Are you really a business interruption expert? Can you recite the Six P’s and Six E’s of Business Interruption Claims? This afternoon at 2 PM EST, I will be quickly addressing these concepts, with an emphasis on one P—The Period.

The National Underwriter published a treatise, Business Interruption Insurance: Its Theory and Practice. It is an excellent work, and anybody involved with insurance coverage issues and claims handling of business interruption claims should attempt to obtain this now out of print book originally published in 1986. The book called this method of business interruption claims handling a “structural analysis” approach to business interruption insurance.

I think it is just common sense. The analysis works like a checklist when considering the various components of a business interruption claim. The P’s are the theoretical aspects of gaining coverage. The E’s work as the limitations and exclusions to the benefits.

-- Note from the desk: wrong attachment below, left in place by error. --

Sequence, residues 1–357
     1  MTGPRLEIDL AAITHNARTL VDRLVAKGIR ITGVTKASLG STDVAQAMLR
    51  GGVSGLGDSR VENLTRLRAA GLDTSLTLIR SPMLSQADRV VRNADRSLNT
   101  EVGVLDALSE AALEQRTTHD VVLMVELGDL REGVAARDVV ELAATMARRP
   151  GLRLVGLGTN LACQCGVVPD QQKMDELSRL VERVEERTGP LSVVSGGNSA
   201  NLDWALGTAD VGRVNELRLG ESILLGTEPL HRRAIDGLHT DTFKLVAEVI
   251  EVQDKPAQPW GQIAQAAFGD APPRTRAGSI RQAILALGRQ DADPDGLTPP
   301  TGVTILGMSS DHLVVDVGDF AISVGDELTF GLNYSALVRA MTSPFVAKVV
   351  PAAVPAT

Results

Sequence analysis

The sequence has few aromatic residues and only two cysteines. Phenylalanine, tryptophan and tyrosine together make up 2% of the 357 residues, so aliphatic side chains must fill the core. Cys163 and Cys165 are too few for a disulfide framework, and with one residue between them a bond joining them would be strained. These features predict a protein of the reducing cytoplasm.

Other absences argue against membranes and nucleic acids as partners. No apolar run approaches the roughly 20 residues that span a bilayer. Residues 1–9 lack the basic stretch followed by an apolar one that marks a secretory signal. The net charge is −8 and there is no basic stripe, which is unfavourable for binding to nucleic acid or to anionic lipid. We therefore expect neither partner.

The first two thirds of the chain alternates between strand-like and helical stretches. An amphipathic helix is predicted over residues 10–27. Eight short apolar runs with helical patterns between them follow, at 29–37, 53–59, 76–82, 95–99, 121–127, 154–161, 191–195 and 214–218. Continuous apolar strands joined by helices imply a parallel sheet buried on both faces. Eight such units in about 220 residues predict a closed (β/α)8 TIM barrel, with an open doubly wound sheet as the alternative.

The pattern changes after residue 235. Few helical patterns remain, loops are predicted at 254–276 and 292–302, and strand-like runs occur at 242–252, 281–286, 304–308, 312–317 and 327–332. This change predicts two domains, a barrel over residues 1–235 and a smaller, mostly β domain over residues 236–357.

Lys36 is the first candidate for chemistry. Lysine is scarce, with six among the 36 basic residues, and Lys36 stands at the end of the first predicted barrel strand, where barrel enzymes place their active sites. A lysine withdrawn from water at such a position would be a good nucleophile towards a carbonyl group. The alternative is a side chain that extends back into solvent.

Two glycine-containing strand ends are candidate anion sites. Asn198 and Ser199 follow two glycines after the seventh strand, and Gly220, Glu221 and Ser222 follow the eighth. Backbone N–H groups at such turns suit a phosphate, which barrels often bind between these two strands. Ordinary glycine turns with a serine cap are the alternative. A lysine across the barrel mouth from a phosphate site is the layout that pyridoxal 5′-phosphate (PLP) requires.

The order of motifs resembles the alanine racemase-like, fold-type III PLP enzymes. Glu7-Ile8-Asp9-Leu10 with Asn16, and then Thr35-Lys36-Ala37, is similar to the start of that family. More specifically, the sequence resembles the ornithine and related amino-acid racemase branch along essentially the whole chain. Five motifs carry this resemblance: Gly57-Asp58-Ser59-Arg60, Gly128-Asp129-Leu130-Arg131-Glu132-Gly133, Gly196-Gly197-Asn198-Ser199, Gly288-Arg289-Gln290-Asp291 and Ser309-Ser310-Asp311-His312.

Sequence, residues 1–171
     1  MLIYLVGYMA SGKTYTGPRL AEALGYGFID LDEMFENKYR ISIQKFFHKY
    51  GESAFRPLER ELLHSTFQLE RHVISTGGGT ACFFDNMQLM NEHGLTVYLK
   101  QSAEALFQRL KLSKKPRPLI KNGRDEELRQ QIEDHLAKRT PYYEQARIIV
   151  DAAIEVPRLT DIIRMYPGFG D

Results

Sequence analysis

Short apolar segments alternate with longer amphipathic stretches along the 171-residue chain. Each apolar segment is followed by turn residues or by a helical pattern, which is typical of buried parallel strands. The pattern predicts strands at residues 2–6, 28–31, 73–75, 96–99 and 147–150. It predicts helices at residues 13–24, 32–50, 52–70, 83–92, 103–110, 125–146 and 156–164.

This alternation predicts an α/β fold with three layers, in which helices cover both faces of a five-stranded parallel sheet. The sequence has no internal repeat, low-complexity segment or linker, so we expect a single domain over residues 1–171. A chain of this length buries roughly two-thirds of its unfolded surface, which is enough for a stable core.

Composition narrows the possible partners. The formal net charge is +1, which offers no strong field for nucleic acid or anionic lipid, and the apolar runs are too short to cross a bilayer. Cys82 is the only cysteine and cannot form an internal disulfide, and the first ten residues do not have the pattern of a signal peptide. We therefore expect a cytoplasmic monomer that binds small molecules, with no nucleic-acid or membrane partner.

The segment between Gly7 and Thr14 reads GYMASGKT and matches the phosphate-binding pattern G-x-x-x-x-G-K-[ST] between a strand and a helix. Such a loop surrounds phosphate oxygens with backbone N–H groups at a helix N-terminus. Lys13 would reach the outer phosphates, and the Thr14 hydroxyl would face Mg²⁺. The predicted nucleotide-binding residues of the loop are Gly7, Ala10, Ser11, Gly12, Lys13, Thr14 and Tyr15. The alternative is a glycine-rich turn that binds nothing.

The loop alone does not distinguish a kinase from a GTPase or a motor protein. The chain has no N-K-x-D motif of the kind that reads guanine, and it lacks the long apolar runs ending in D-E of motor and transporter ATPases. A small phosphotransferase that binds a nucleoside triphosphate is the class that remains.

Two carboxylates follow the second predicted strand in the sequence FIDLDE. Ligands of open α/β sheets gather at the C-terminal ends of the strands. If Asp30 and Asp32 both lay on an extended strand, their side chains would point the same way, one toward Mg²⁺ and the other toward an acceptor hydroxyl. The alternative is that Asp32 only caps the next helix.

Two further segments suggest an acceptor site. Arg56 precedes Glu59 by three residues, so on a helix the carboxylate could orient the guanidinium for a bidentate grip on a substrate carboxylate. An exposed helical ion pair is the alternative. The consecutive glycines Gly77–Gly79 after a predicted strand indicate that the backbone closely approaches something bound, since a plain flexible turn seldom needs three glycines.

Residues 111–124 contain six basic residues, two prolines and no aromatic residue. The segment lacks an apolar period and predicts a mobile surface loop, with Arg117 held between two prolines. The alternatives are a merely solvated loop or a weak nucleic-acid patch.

The Period of Interruption is one of the P’s. One of the tools I routinely teach that adjusters for carriers or public adjusters use to determine the theoretical period of interruption is the critical path analysis. I often suggest using software that property developers use when designing their projects so that items from the “owner of the property” perspective is included in the tasks to be completed.

For instance, in Adjustment Time and Wrongful Denial Considered in Period of Restoration, we posted that adjustment time should be included to determine the period of restoration. In a developer’s tasks for a construction project, the analogous task is of “finance.” Without money, no construction happens. Indeed, if there is a mortgagee listed on the property, the tasks of reporting and getting the mortgagee to approve the anticipated repair to the collateral should be included in the critical path tasks and in the period of restoration because these steps are usually required under a commercial loan or mortgage.

I will have more information on this later and hope you can join us at this link today at 2. Hope to see you this afternoon.

Thought For The Day

Let our advance worrying become advance thinking and planning.
—Winston Churchill